DEAD languages are those, which were once spoken by different nations, but have now ceased to be in general use. While any language is in common use, it is subject to changes, and each generation gives a different shade of meaning to some of its words; but when any nation adopts another language, the old one goes out of use, and is no longer subject to change.

The languages in which the Bible was originally written, were once generally spoken in Bible countries, but are not now in general use, hence are not subject to change; so that whatever a word meant when those languages ceased to be spoken, it means now. All will see how necessary this is to a proper understanding of the Bible. Had those languages continued alive, they would have been subject to change all the way along, and we should not now be able to know whether the Bible in its present form is the true word of God or not.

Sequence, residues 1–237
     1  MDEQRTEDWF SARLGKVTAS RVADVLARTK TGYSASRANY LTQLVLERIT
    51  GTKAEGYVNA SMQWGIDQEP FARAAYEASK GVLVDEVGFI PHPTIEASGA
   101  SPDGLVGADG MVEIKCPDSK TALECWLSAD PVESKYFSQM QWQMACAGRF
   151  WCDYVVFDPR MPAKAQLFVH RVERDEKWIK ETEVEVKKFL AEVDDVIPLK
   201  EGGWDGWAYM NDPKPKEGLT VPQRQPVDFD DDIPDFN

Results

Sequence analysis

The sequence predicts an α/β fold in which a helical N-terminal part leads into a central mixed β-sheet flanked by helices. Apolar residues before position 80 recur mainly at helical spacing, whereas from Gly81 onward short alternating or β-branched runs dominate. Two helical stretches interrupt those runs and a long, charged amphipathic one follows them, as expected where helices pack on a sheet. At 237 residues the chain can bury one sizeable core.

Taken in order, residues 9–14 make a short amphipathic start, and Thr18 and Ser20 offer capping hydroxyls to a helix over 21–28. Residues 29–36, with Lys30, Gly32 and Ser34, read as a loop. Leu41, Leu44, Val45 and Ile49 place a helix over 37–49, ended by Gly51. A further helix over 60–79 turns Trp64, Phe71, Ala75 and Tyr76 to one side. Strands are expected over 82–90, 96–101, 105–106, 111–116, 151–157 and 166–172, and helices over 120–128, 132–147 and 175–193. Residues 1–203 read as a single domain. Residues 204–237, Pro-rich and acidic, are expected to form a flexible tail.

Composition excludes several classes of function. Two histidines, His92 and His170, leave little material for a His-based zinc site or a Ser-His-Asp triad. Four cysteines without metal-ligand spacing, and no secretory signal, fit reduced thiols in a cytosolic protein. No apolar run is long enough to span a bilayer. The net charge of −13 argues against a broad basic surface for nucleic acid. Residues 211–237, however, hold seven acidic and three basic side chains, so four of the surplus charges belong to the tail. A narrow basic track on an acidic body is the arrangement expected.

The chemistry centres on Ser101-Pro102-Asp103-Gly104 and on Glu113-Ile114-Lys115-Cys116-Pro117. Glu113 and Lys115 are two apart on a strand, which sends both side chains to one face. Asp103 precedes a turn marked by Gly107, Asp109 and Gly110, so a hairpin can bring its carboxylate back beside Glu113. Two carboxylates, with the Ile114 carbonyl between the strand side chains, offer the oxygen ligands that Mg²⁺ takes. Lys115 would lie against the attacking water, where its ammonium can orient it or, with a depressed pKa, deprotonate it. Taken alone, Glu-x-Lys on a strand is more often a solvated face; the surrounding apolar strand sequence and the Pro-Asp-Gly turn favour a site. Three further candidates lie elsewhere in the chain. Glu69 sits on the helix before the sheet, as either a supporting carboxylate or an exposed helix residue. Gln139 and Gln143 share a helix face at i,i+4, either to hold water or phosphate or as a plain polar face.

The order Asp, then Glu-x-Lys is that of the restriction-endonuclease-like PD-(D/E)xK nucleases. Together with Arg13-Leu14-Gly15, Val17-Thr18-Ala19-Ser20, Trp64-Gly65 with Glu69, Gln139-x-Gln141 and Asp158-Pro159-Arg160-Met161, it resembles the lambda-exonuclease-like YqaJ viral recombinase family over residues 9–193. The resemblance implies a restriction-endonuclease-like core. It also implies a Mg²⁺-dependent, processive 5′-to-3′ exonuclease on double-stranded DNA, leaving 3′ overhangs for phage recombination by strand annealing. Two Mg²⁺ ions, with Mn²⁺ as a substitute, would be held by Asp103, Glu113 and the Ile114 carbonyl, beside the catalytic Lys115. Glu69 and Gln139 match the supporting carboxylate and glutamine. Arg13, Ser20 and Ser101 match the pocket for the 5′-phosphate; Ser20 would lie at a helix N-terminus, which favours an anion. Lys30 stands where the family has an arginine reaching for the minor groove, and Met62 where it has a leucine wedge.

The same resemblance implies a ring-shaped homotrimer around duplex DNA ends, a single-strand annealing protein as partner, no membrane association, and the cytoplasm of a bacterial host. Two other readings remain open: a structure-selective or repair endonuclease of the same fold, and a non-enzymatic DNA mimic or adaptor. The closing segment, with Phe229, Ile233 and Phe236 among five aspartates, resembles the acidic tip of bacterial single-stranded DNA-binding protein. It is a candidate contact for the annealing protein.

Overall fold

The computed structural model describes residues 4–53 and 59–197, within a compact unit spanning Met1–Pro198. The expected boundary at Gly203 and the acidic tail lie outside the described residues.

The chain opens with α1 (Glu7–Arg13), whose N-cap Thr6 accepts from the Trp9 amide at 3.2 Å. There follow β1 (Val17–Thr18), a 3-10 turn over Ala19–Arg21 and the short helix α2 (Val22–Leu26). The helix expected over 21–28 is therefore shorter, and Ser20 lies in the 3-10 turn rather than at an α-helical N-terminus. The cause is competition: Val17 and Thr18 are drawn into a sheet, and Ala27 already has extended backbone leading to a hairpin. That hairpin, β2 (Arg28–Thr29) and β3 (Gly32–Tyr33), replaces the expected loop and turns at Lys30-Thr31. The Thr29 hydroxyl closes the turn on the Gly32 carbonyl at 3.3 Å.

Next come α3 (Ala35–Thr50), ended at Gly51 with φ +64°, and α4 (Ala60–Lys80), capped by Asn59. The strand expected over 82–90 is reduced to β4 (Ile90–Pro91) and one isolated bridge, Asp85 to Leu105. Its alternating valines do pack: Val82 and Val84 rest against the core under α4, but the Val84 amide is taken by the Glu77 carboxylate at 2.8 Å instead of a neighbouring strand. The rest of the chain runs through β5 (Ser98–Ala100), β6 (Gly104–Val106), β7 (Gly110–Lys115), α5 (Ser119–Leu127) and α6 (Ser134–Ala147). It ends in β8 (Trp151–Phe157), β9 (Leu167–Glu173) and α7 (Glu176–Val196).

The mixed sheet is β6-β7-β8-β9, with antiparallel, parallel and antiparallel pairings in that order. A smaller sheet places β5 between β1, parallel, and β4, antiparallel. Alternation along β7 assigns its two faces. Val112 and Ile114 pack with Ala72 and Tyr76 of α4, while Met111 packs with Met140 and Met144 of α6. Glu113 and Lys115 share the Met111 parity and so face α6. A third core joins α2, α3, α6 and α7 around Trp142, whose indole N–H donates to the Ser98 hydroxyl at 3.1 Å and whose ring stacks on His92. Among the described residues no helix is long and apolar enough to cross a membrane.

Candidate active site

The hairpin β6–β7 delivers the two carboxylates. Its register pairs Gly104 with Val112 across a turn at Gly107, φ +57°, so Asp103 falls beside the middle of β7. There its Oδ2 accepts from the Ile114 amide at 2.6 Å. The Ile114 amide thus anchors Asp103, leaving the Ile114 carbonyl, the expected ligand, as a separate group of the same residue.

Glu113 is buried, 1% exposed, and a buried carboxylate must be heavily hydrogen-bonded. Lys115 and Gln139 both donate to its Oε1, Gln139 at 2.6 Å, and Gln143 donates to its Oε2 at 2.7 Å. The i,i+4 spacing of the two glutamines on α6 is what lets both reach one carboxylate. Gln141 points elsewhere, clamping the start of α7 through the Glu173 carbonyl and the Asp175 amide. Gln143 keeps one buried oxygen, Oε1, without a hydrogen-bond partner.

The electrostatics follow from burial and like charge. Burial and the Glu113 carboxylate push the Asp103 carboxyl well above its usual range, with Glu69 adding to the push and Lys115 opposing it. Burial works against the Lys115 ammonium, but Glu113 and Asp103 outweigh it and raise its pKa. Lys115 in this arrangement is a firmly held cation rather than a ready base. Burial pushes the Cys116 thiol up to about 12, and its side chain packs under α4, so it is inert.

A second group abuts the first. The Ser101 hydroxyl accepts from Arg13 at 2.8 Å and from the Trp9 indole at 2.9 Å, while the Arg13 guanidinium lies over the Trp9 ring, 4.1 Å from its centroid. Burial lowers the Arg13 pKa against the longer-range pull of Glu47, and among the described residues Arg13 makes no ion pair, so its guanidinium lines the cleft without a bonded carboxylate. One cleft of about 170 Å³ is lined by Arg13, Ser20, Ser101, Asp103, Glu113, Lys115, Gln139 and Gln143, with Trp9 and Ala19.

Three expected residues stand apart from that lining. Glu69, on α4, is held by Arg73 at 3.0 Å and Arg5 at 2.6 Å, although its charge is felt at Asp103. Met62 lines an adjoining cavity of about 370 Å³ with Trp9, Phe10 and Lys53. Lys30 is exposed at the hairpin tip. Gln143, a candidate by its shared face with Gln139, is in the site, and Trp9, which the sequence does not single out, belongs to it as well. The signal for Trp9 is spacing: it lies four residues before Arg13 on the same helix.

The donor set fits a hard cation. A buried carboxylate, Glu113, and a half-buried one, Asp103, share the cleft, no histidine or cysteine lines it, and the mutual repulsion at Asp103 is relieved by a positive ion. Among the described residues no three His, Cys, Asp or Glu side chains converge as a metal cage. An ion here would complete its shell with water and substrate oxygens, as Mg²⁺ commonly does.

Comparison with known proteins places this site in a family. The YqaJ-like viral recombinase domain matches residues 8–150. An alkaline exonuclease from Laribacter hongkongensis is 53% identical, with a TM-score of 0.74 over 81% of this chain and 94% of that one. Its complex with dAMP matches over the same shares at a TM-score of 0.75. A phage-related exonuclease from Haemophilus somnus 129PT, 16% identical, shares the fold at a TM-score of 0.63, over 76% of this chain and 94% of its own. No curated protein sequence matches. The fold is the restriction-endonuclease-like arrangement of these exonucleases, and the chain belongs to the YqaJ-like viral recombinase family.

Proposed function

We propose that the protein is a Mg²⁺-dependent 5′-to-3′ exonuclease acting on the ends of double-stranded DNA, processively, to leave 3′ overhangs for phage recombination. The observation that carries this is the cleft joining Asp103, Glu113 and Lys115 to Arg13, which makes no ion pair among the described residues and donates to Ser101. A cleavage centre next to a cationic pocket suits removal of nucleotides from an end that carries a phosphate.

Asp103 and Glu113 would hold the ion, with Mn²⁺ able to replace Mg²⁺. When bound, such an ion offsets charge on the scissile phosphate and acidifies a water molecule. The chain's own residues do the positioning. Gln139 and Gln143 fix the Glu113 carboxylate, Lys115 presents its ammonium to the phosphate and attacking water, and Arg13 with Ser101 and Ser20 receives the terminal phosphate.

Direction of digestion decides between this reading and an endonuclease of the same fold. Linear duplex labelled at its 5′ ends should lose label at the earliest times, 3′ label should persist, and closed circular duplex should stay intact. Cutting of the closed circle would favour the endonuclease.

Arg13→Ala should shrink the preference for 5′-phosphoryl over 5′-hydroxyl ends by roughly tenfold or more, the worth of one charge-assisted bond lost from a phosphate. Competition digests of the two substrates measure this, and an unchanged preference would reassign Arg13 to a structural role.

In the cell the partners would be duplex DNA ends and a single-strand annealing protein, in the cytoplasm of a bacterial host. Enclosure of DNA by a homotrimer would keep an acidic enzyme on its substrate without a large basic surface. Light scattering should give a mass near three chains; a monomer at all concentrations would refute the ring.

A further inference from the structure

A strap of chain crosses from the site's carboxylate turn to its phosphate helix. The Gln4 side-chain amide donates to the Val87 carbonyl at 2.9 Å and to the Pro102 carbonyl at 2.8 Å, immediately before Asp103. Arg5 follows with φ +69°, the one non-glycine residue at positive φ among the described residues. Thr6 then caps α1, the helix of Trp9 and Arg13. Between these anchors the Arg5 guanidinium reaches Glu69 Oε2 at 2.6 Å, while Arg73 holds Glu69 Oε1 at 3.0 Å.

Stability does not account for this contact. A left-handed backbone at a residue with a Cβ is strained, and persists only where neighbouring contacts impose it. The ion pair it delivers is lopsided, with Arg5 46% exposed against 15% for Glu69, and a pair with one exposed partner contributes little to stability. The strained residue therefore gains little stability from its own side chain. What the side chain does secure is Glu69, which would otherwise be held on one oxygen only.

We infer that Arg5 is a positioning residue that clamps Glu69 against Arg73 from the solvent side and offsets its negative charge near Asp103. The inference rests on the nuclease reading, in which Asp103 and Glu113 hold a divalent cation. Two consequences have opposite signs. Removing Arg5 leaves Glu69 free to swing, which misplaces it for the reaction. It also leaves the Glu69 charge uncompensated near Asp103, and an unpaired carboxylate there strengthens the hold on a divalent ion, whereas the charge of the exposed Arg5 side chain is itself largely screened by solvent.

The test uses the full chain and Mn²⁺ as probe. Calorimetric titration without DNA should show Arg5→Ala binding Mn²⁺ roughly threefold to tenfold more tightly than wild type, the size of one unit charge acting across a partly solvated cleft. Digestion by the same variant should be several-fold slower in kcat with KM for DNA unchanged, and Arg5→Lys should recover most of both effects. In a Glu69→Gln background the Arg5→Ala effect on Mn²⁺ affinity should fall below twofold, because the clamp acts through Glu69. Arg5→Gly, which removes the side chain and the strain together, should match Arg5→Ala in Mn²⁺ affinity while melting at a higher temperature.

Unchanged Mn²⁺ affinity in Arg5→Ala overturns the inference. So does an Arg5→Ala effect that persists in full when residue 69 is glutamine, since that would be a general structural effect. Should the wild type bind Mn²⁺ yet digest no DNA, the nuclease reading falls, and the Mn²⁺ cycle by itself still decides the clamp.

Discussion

But what seems quite strange about this, is the fact that the Hebrew language, in which the Old Testament was written, went out of general use about the time the last of the prophets wrote, thus confining the meaning of the language to its acceptation at that time, and precluding the possibility of its corruption.

So with the New Testament. Soon after it was written in the Greek, that language ceased to be commonly spoken, and all its words were ever afterward to have the same meaning then attached to them.  In all this we can see the fulfillment of God's word. Isaiah says, 

"The grass withereth, the flower fadeth, but the word of our God shall stand forever," It shows, too, how careful the Lord has been to preserve the Bible to us free from corruption, that we may have faith in him, and confidence in his promises.